Explore the common motivations and behaviours of Up Our Street:
Modest in their habits and means, value for money and low-risk can be important factors in leisure decision making for this group.
- Cultural activities, which do provide some of this segment’s potential ‘treat’ opportunities, will need to have added value experiences attached to make them more attractive, as the artistic element itself is unlikely to compel over competing leisure offers.
- A developed retail offer could present an opportunity to enhance that 'treat' factor with access to food, shopping and all the trimmings.
- Enjoying a drink with friends is a common pastime, and making sure events have facilities to do so in comfortable surroundings may be important.
- A high proportion of mobility issues indicates a range of potential barriers or challenges that may need to be mindfully addressed through thoughtful access planning, in order for wider arts engagement to be successful.
Providing opportunities for Up Our Street to gain access to inexpensive tickets and being sure to foreground value for money in the offer are key.
- Incomes are not high and there is a leaning towards easily accessible, experiential events which may be free or low cost.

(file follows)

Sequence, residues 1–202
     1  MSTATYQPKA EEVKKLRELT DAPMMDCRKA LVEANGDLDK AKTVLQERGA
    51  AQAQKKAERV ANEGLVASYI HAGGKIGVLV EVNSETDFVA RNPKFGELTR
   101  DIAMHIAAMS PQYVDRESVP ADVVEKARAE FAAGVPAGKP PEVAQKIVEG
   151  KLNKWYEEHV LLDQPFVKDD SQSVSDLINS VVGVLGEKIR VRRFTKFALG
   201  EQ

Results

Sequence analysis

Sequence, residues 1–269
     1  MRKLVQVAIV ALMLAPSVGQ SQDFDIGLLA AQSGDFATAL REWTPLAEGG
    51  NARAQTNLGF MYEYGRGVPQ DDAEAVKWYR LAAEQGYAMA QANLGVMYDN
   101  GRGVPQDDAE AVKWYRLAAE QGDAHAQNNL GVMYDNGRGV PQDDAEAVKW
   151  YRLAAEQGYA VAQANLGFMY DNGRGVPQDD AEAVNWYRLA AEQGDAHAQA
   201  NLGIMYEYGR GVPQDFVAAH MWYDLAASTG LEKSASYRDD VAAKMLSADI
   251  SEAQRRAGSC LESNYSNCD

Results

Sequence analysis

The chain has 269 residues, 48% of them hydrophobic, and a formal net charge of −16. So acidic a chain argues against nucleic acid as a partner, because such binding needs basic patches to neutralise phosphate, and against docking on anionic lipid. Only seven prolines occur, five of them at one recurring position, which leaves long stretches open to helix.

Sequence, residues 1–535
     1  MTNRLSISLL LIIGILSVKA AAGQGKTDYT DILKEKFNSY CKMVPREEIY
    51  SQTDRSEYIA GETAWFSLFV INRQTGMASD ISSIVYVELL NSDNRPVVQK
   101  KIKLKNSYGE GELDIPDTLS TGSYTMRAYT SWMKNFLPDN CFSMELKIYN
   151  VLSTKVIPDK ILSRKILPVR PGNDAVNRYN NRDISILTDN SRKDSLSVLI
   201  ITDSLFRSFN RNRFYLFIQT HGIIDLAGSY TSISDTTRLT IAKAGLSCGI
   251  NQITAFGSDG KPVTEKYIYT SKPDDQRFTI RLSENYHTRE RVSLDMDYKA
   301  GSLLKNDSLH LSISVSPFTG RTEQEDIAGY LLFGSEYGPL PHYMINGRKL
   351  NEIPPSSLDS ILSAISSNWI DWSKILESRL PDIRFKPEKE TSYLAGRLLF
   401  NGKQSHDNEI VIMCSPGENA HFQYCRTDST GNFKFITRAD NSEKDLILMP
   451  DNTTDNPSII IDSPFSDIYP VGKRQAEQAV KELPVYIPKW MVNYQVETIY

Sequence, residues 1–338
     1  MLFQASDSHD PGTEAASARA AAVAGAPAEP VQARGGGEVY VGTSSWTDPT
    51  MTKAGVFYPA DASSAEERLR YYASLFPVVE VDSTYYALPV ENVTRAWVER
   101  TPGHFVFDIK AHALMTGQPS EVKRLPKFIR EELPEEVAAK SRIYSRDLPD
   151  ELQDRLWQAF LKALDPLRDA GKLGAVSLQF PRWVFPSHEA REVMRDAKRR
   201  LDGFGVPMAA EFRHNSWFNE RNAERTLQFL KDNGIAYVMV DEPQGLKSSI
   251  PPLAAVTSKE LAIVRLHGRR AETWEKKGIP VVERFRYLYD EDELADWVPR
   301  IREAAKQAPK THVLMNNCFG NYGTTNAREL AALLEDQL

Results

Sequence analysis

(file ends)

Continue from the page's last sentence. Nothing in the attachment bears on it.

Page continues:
- There will be opportunities to boost spend for this group around catering and retail products, and people are apt to buy craft works and gift shop items, so associated products, if keenly priced, are likely to prove popular and add to the overall experience.
- Classical and contemporary events, with which many are not familiar, are much less likely to be taken up by this risk averse segment, unless the risk can be highly mitigated, perhaps by pricing strategies like “pay what you want” or “money back” guarantees, or are part of taster events at free outdoor festivals.
- Membership, friends or loyalty schemes, as a means to incentivising increased attending, are unlikely to be effective as people from this group are unlikely to become frequent enough attenders fast enough to realise any of the financial benefits inherent in such schemes.
While they don't generally consider arts as a 'worthy' cause, a small handful will drop money in the collection when visiting museums or heritage sites.
- They are amongst the least likely to make donations to arts and cultural organisations, which are not seen by the majority as worthy charitable causes.
- The small proportion who are open to giving, are three times more likely to give to museums or heritage sites than to arts organisations, with targeted campaigns designed to encourage infrequent, low level giving when visiting.